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Ibuprofen ‘miracle cure’ for Parkinson’s, NHS ageism and the life-shortening threat of diabetes

By Alisdair Stirling

Our roundup of the health news headlines on Thursday 3 March.

The Guardian is among the papers reporting that common, garden-variety ibuprofen could stave off Parkinson´s disease.

People who took the painkiller and anti-inflammatory drug ibuprofen at least twice a week had a 38% lower risk of developing the condition than those who used other painkillers, such as aspirin, scientists said.

The findings, based on a review of 136,000 patient records, and published in Neurology was carried out by scientists at the Harvard School of Public Health. An accompanying editorial said the study did not mean people should start taking ibuprofen to protect against Parkinson's, highlighting the long-term health risks from taking the drug, including a higher risk of intestinal bleeding.

Hospital specialists are failing to see elderly patients as individuals and are too ready to make 'scandalous' snap judgments on the basis of age, according to Paul Burstow, the care services minister.

He tells the Daily Telegraph in an interview that health and social care systems will be forced to comply with new rules outlawing age discrimination, which are expected to come into force next year. Mr Burstow stresses that the Department of Health would not be seeking any exceptions from the new equality laws.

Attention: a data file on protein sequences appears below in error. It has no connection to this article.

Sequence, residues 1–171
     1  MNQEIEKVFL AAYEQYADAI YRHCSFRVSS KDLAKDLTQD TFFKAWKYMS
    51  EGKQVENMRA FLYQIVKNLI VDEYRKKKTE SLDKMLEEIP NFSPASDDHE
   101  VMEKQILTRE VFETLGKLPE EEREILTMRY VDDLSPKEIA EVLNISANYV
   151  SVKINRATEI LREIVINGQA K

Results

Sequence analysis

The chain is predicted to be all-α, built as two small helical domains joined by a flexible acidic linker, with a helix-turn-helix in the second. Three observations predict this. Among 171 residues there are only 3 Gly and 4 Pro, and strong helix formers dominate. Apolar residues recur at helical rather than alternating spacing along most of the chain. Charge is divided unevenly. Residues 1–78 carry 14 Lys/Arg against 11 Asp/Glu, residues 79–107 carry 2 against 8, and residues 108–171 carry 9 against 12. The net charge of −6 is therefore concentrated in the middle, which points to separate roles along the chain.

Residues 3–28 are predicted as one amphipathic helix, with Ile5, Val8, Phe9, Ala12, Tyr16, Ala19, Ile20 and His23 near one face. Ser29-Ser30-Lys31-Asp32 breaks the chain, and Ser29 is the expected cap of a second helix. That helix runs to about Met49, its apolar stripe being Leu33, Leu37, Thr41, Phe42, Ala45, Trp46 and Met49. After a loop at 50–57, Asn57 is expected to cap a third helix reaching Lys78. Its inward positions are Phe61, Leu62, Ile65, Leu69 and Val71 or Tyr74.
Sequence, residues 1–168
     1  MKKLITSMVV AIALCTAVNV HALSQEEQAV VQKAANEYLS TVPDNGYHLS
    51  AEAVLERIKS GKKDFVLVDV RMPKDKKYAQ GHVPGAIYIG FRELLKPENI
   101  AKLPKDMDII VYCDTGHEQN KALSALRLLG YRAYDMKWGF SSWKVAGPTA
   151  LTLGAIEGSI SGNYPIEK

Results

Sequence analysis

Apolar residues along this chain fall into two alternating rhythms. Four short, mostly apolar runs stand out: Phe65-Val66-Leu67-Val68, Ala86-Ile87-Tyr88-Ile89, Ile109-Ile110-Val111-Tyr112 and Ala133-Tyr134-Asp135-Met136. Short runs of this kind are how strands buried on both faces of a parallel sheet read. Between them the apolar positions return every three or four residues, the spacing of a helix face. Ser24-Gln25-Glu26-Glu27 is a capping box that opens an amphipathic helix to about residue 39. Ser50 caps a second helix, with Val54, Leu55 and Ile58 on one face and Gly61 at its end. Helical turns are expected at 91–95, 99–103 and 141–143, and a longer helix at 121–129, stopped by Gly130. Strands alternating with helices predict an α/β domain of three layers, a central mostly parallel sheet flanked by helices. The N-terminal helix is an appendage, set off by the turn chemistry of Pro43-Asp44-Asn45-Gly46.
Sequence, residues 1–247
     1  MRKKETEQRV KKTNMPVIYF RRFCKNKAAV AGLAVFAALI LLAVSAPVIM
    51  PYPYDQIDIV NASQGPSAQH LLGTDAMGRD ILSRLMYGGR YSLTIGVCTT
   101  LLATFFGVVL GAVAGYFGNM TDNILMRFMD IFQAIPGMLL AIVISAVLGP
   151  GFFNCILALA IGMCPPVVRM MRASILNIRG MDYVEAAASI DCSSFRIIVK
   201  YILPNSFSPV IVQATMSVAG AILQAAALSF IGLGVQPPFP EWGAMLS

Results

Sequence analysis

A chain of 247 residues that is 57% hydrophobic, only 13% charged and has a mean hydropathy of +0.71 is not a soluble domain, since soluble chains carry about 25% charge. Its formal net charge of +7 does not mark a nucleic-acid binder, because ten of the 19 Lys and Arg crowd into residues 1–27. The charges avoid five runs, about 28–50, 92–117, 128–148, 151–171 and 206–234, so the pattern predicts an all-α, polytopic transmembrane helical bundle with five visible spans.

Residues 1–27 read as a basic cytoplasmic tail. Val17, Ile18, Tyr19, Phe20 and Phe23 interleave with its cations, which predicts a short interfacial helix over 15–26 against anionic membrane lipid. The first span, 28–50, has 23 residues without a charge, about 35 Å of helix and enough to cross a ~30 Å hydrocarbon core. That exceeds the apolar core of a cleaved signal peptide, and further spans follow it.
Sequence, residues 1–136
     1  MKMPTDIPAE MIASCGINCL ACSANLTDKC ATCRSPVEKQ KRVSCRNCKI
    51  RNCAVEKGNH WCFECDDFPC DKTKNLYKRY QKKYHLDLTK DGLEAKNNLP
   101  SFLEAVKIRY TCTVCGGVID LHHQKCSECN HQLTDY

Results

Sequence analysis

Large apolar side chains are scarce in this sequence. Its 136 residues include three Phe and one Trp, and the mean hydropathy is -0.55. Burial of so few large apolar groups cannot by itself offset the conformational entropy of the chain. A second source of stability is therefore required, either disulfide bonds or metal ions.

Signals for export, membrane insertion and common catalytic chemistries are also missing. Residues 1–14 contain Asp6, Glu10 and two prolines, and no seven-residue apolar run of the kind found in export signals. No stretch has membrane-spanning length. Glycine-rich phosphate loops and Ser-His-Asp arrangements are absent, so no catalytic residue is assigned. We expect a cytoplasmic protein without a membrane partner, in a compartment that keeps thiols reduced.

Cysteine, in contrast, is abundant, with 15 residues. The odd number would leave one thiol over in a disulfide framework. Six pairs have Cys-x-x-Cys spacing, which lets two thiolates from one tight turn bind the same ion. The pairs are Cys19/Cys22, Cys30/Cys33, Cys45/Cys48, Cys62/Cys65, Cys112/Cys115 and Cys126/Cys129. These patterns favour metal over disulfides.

However, the age of patients could be 'legitimate criteria for treatment', such as with vaccinations and potentially cancer screening, he says.

The Daily Mail reports that type 2 diabetes in middle age can reduce you life by six years.

For the first time, a study has calculated the reduction in life expectancy from having type 2 diabetes, which the paper links with being overweight in middle age.

Scientists from the Emerging Risk Factors Collaboration – coordinated by the University of Cambridge – analysed data on 820,900 people, each of whom was monitored for about a decade.

Even after accounting for other risk factors such as age, sex, obesity and smoking, the researchers found people with diabetes were at increased risk of death from several common cancers, infections, mental disorders, and liver, digestive, kidney and lung diseases.

Spotted a story we've missed? Let us know in the comments and we'll update the digest throughout the day...

Daily digest

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